Neuromorphic computer chips are able to perform better because they can simultaneously store and process information, just like the neurons and synapses in the human brain do. While conventional computers run commands sequentially, constantly moving data packets back and forth from the memory to the processor, neuromorphic computers process and store data largely at the same time, making them both faster and extremely energy efficient, just like the human brain.
A catalyst for AI
Intel’s Loihi neuromorphic chip can execute complex programs a thousand times faster and 10,000 times more efficiently than current microchips with conventional architecture. This allows design engineers to use ever more complicated deep learning neural networks. At Merck, we are investing in this field, as are other technology giants including Microsoft, IBM, Qualcomm and Google. We are cooperating, for example, with the US startup MemryX, which develops neuromorphic computer chips for AI applications.
Neuromorphic computers have the potential to take artificial intelligence and machine learning to the next level. Everyday applications include autonomous vehicles and voice assistants, for example. In the medical field, they could be used to automatically monitor a patient’s heart rate remotely, or implants could replace diseased peripheral neural systems, such as the retina. And in smart factories, neuromorphic chips could be used to optimize the motions and sequences for robots as well as workflows in general.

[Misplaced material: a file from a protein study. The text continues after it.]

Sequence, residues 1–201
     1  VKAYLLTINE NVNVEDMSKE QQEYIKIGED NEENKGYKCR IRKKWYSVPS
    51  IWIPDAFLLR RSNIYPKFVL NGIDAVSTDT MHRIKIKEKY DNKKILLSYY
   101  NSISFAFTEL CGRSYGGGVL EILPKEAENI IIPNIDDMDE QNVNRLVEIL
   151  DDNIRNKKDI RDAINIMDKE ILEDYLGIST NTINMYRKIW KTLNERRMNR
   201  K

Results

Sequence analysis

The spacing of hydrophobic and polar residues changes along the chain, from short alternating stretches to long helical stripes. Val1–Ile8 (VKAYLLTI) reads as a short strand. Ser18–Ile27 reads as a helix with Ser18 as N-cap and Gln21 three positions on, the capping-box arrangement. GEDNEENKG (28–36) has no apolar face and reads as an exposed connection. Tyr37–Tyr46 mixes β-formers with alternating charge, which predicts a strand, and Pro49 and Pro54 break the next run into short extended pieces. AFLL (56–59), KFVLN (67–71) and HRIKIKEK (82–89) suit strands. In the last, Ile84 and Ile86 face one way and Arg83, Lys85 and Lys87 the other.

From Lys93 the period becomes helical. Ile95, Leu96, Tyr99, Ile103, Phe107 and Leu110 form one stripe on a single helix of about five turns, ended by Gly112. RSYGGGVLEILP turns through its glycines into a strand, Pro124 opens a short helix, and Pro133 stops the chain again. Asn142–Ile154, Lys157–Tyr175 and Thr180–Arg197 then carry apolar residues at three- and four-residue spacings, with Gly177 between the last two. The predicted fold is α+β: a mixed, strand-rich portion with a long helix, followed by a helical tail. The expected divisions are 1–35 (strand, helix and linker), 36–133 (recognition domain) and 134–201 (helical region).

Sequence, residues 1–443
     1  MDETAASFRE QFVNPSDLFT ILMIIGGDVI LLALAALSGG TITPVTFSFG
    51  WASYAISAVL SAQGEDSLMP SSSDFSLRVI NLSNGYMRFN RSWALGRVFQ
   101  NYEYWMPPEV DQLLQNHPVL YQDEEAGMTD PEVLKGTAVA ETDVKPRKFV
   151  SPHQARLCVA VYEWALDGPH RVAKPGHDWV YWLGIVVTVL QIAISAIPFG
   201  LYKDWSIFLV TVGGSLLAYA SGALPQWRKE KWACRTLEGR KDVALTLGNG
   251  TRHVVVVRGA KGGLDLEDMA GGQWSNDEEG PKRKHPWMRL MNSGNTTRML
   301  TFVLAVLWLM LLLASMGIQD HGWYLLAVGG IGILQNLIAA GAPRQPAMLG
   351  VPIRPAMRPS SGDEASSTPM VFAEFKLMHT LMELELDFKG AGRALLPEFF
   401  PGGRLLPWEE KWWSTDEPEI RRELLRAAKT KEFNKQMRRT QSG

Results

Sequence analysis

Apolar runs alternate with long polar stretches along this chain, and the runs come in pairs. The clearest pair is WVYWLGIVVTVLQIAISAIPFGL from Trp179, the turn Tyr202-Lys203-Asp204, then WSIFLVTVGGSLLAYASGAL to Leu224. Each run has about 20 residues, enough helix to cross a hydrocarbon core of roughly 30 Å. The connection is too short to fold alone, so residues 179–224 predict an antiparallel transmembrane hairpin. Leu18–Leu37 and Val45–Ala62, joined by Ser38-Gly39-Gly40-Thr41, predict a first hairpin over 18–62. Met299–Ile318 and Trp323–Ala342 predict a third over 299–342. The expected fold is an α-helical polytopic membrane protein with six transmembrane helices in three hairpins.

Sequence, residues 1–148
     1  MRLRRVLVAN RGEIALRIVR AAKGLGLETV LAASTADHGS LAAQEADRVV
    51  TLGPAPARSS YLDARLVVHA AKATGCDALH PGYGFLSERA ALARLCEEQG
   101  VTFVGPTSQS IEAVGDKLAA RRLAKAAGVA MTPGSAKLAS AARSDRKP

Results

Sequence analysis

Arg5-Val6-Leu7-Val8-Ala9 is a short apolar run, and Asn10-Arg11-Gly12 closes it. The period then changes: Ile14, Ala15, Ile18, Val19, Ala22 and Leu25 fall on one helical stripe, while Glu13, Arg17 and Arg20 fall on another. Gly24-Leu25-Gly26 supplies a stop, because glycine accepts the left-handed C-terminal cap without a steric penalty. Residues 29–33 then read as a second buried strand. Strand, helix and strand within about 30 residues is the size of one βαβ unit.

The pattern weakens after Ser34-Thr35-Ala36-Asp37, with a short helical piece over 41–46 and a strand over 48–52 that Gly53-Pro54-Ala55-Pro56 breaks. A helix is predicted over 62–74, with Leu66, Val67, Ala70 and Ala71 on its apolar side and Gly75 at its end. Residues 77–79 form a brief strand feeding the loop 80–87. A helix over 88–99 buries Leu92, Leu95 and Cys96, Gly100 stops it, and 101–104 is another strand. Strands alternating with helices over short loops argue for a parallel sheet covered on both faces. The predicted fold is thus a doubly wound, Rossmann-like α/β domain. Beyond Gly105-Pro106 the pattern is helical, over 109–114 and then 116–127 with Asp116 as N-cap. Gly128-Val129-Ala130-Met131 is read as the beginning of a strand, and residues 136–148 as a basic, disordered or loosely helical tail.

It will still be some time before neuromorphic computers are just as intelligent as humans. With 100 million artificial neurons, Intel’s Loihi chip is “only” on the level of a small mammal. In comparison, the human brain has almost 90 billion neurons, which are connected by trillions of synapses. It will be exciting to trace the further development of neuromorphic computers. Because many very intelligent people are putting their heads together to develop the next generation of computers, using their own trillions and trillions of neurons in the process.
First published on LinkedIn